Israel’s US ambassador slams Turkey, Qatar for attempting to ‘ruin’ Saudi-US relationship

Israel’s ambassador to the US Ron Dermer has used a recent panel discussion to slam Turkish, Qatari attempts to ruin the Saudi-US relationship. (AFP)
Updated 04 November 2018
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Israel’s US ambassador slams Turkey, Qatar for attempting to ‘ruin’ Saudi-US relationship

  • Dermer referenced Turkish and Qatari moves to drive a wedge between the Kingdom and the United States
  • Dermer said the US had to be careful about throwing away the important “strategic relationship” it has with Saudi Arabia

LONDON: Israel’s ambassador to the US Ron Dermer has used a recent panel discussion to slam global double standards with regard to the world’s outcry over journalist Jamal Khashoggi’s murder and criticism of the US’ decision to withdraw from the Iran nuclear deal and impose sanctions.
Dermer said: “It is hard for me to take seriously statements of outrage that (the murder) caused and the calls for a fundamental change to the relationship with Saudi Arabia, when (the same people) supported an agreement that gave an avowed enemy of the US hundreds of billions of dollars.”
 

He added: “If we are outraged by the murder of one, we should be five-hundred thousand times more outraged by the murder of five-hundred thousand,” citing how the nuclear deal had “enabled” Bashar Assad to kill 500,000 innocent Syrians.
He also highlighted the external forces that continue to attempt to ruin Saudi Arabia’s relationships with the US.
Dermer referenced Turkish and Qatari moves to drive a wedge between the Kingdom and the United States in the aftermath of the murder of Khashoggi.
Dermer said: “Turkey and Qatar are pressing hard to ruin relationships with Saudi Arabia,” as he criticized Qatari news channel Al-Jazeera for spreading anti-American and anti-semitic messages.
Dermer said the US had to be careful about throwing away the important “strategic relationship” it has with Saudi Arabia, as he highlighted how the US and Iran shared “no interests and no values.”


Israel cuts Gaza fishing limit after fire balloons

Updated 23 May 2019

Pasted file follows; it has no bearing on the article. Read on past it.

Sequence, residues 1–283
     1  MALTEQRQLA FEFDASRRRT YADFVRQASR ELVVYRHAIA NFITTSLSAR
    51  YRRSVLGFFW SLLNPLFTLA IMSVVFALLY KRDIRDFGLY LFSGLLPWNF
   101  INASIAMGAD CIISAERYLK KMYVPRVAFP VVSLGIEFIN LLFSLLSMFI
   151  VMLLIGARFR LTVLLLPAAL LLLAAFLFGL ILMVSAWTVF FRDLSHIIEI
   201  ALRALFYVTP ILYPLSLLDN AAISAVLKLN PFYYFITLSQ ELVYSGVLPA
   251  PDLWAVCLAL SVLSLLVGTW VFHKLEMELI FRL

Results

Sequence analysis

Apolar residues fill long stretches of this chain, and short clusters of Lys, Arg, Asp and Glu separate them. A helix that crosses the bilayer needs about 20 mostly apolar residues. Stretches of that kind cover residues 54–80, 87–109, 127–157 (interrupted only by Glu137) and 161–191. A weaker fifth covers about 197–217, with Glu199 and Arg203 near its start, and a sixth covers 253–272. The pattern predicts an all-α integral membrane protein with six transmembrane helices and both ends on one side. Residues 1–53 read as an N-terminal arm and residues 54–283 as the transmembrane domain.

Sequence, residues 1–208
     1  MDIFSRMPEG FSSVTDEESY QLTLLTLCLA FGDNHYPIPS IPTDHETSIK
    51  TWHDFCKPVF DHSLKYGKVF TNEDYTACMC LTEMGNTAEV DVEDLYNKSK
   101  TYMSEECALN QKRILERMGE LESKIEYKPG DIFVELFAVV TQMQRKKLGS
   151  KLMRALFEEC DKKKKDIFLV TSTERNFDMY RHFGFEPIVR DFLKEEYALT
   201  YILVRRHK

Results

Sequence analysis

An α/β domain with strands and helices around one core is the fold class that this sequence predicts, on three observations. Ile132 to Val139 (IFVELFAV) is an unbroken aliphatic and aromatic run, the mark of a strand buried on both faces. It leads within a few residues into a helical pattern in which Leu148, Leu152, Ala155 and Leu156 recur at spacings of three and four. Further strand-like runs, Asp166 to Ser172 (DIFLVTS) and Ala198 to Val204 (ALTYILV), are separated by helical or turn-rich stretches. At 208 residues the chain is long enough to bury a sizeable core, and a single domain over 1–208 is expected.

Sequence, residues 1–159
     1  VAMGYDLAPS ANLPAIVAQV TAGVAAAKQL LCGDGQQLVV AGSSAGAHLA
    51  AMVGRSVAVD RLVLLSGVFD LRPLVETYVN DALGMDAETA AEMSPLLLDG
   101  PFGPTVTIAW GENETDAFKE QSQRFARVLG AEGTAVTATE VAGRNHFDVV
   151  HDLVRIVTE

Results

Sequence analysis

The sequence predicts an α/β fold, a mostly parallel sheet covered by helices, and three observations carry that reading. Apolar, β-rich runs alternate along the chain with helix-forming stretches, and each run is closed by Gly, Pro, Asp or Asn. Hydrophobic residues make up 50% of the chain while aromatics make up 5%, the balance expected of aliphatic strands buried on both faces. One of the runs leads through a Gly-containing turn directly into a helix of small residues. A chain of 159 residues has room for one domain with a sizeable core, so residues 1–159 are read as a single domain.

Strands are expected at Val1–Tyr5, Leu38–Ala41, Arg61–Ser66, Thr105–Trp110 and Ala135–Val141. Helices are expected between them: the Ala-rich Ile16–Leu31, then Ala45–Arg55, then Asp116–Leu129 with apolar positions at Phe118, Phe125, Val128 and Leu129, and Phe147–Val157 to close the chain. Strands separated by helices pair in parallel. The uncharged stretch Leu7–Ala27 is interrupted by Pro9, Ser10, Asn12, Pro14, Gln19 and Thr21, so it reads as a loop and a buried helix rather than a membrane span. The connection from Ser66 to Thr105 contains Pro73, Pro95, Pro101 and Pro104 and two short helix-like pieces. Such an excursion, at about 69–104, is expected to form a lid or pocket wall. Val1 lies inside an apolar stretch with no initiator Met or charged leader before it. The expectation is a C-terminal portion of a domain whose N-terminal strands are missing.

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Israel cuts Gaza fishing limit after fire balloons

  • Israel reduced the fishing limit to 10 nautical miles
  • The countries agreed to 20 nautical miles in the Oslo accords of 1990s

JERUSALEM: Israel reduced the offshore fishing limits it imposes for vessels operating out of Gaza from Thursday after Palestinians floated balloons fitted with incendiaries over the border, officials said.
The cut came just two days after Israel restored the limits to those set in April ahead of an Israeli general election.
“A decision was taken this Wednesday evening to reduce the fishing zone off the Gaza Strip to 10 nautical miles until further notice,” said COGAT, the defense ministry unit that oversees such regulations.
“The decision was taken after the launch of incendiary balloons from Gaza toward Israel,” it added.
Palestinians in Gaza have frequently floated balloons fitted with firebombs over the border to damage Israeli property and have in the past succeeded in setting fire to large areas of farmland.
Israel banned fishing completely when two days of deadly violence erupted earlier this month, but lifted the ban with a restriction of up to 12 nautical miles following a truce.
The 15-nautical-mile limit that had been restored on Tuesday was the largest allowed in years by Israel, which has fought three wars with Palestinian militants in the enclave and has blockaded it for more than a decade.
But human rights activists note that it still falls short of the 20 nautical miles agreed under the Oslo accords of the 1990s.
Israeli authorities have not said whether the 15-mile limit was one of the understandings reached as part of the May 6 cease-fire in Gaza but Israel media reported on Monday that it was.
The additional nautical miles are important to Gaza fishermen as they bring more valuable, deeper water species within reach.
Four Israeli civilians and 25 Palestinians, including at least nine militants, were killed in this month’s exchanges across the border.